“My teenage years with diabetes were the hardest years ever,” he said. “You’re a teenager, so you’re already just trying to fit in with your friends and stick with the status quo and be cool and all of that—but now you have this disease that makes you look sick to other people sometimes, or makes you look different. For a while that was really hard for me, and it was hard to embrace my diabetes like I do today. But being around other diabetics has helped me step into that role of wearing my diabetes like a badge of honor.”

Wes Fullmer, far right, and three others at the annual Nevada Diabetes Association camp show off their glucose meters.

When at camp, it’s Fullmer’s goal to help teach attendees to do the same.

“Every single one of our campers there—which at our smaller camp is about 50 campers and at our larger camp can be close to 120 campers—all have diabetes, which is awesome,” he said. “And now we have a staff where 90% of our staff members also have Type 1 diabetes. So, it gives our campers kind of a role model to look up to, to say, ‘Hey, they’re a grownup, and they have Type 1 Diabetes too. That’s pretty cool.’”

But this isn’t the only purpose of the camp, nor is embracing life with Diabetes the only educational goal.

“We go swimming. We play games. We sing camp songs. We have campfires—things like that,” Fullmer said. “But every morning we also have an aspect of diabetes education. So, throughout the week, we are getting kind of a better education on ‘What is diabetes? How to manage diabetes. How what you’re putting in your body does to your body when you do have diabetes.’”

It’s the type of pragmatic education campers will need as they grow up and continue managing diabetes.

A full-time job in health care

“Managing diabetes is a whole hurdle of its own,” Fullmer said. “With Type 1 Diabetes…you have to compensate for what your body doesn’t do. So, my body, for example…anytime I eat I have to test my blood sugar to make sure it’s good. And then when I eat, calculate the carbohydrates that I’m eating and then give insulin on a ratio based upon how many carbs to how many units of insulin. And, so, that’s just the management of the eating aspect. In between eating, there still has to be blood sugar management because my body doesn’t know when it’s high or low.”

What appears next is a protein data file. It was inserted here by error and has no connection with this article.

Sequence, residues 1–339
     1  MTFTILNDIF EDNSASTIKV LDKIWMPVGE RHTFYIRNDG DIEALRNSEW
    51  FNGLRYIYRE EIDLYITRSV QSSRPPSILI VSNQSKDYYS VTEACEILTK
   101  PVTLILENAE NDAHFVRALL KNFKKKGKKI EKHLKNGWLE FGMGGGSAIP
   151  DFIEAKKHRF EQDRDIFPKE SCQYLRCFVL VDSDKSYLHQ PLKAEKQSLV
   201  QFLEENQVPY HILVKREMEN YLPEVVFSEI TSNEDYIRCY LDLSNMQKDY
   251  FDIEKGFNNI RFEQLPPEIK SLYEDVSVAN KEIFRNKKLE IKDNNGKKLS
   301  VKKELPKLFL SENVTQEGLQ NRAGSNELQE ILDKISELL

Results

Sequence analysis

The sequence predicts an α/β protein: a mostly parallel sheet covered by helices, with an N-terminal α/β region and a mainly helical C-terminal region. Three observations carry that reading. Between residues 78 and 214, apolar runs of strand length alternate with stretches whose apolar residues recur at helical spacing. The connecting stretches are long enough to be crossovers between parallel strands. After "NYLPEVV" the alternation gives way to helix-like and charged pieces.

Fullmer mainly uses two different tools to manage his diabetes. The first is a continuous glucose monitor that allows him to see his blood sugar levels and how they’re trending every five minutes, in real time.  

“That’s really cool because I can see it on my phone, and I can share it with my family, so they also know what’s going on,” he said, adding that his levels are shared with both his mother and one of his best friends.

He also uses an insulin pump in lieu of insulin shots, with which many people may be more familiar.

“I use an insulin pump, which kind of works like a portable IV—which is the best way I can say it,” Fullmer said. “It holds a large amount of insulin and then, when I eat, I just have to type in some numbers and, boom, done.”

He added that “diabetes management is a 24-hour, seven-day-a-week gig. And with that there are times that it’s very difficult and very frustrating—because diabetes can be very unpredictable. There’s so many aspects that can affect your blood sugar—so, being stressed out, exercising, not exercising, eating something different—all can go into the number that you test your blood sugar for.”

On top of that, the costs can be prohibitive.

“There’s no secret in our country now that insulin is a product that is super expensive,” Fullmer said. “It was recently named the sixth most expensive liquid in our country, which is insane because it’s a liquid that I need to stay alive.”